Anyone who has ever traveled to Europe will likely have noticed one key element, besides the amazing architecture, fascinating culture, and history that dates back for more than three hundred years. The food, even in the average supermarket, is of infinitely better quality. (This is not the case in Germany, but we’ll get to that). This is particularly true for produce in as much as it is respectful of the seasons and tastes like more than delicately flavored water.
Still, you might argue. Those tomatoes are tiny, I’d like more bang for my buck. Sure, continue eating your lousy tomatoes until you realize the ones from Italy are bursting with the flavor of your grandmother’s garden. Harry Klee, a tomato grower from Florida, recently told Belluz “The bottom line here with the industrial tomatoes is that tomatoes have been bred for yield, production, disease resistance. The growers are not paid for flavor — they are paid for yield. So the breeders have given them this stuff that produces a lot of fruit but that doesn’t have any flavor.”
But why, do you ask? The answer is more complex than meets the eye. First of all, Americans are the most poorly traveled people of any developed nation, so unless they’re lucky enough to live in California, where the produce is of high enough quality, they won’t necessarily have gotten to experience the joys of freshly harvested seasonal vegetables and fruits. As a result, the standard for flavor ends up feeling frighteningly low. The reason why this happens is quite ironic. The tomatoes that Americans feel most comfortable purchasing are very round and of a deep shade of red. However, the main issue remains that this very common mutation ends up deactivating a gene that produces the sugars that make for the most flavorful tomatoes, so we’re left with a ghost of a vegetable (Or fruit. Whatever). Klee added “When researchers ‘turned on’ the deactivated gene, the fruit had 20 percent more sugar and 20 to 30 percent more carotenoids when ripe – yet its non-uniform color and greenish pallor suggest that mainstream breeders will not be following suit. So we’re stuck with beautiful tomatoes that taste like a mere hint of their former selves.”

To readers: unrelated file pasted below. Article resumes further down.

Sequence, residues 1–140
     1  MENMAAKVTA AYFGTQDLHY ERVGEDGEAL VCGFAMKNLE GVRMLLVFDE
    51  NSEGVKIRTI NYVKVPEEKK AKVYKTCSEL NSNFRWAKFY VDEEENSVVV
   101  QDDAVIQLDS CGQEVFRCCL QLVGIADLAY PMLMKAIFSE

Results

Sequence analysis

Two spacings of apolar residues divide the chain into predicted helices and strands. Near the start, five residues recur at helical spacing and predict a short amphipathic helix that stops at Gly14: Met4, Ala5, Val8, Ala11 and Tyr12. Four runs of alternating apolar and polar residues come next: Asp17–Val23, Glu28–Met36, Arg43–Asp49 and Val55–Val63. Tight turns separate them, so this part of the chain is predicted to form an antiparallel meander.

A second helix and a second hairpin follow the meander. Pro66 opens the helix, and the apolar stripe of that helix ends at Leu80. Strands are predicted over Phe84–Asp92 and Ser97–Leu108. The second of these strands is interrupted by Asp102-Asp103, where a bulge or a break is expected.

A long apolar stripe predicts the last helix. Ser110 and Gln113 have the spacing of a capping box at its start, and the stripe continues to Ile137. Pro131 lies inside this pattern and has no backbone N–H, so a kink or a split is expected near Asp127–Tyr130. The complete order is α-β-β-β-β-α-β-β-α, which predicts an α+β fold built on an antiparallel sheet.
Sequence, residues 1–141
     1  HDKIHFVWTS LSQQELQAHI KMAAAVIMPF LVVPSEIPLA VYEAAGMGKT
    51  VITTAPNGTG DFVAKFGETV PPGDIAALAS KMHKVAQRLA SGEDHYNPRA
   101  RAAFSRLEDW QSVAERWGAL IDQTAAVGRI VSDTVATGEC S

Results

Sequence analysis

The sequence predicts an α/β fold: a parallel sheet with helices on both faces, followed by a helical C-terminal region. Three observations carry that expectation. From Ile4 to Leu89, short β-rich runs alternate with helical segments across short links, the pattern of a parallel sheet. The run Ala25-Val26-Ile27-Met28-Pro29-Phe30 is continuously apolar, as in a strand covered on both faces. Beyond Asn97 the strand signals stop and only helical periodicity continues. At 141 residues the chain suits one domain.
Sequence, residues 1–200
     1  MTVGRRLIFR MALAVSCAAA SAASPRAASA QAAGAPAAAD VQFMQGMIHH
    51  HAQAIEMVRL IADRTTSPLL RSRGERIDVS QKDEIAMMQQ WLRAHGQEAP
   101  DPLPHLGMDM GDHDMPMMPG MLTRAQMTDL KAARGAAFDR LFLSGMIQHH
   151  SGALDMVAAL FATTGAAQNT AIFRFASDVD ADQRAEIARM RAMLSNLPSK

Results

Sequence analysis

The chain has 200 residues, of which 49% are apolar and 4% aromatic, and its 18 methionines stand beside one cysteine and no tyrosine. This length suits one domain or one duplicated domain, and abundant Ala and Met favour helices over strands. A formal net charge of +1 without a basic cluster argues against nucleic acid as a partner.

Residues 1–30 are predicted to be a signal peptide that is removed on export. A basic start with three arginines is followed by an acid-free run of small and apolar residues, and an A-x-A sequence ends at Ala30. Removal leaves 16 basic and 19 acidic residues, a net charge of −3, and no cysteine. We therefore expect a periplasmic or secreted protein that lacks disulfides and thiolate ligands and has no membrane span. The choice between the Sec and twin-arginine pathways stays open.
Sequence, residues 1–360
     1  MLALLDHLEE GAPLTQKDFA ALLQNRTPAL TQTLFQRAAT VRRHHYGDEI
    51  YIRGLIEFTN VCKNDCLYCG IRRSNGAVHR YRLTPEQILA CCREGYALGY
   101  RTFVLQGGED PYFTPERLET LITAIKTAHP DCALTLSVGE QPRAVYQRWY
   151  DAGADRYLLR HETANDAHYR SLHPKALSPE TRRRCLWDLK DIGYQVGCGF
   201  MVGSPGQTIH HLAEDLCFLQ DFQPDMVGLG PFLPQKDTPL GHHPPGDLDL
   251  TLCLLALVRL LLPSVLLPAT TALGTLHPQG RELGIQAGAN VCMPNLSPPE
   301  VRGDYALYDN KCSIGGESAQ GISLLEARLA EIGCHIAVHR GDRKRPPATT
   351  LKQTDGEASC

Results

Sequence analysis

Germany has a similar issue. They expect their produce to be completely homogenous and beautiful, but refuse to pay more than rock bottom prices for it. As a result, their products are only very slightly better than those available in the United States.
Americans also have a tendency to like their products to be large and readily available. That means that if a strawberry isn’t at least as big as a child’s fist and an apple couldn’t be used for batting practice, they got ripped off. It doesn’t matter how the produce tastes as long as it’s massive. Seasonality is also a major issue. Though most people are now aware of the importance of respecting this food trend, it is a matter of getting people to actually respect the idea that purchasing peaches when there’s snow on the ground is unsustainable. Similarly, apples that are picked in the fall will be crisp and sweet, but that same apple in the summer will likely be mealy and unappetizing.
However, the trend towards purchasing “ugly produce” seems to be growing at a fairly rapid pace, so hopefully the demand for veggies grown sans flavor-sucking mutations will follow. The ugly produce trend started in France and spread throughout Europe like wildfire. In the United States, organizations like Misfits Market are following suit.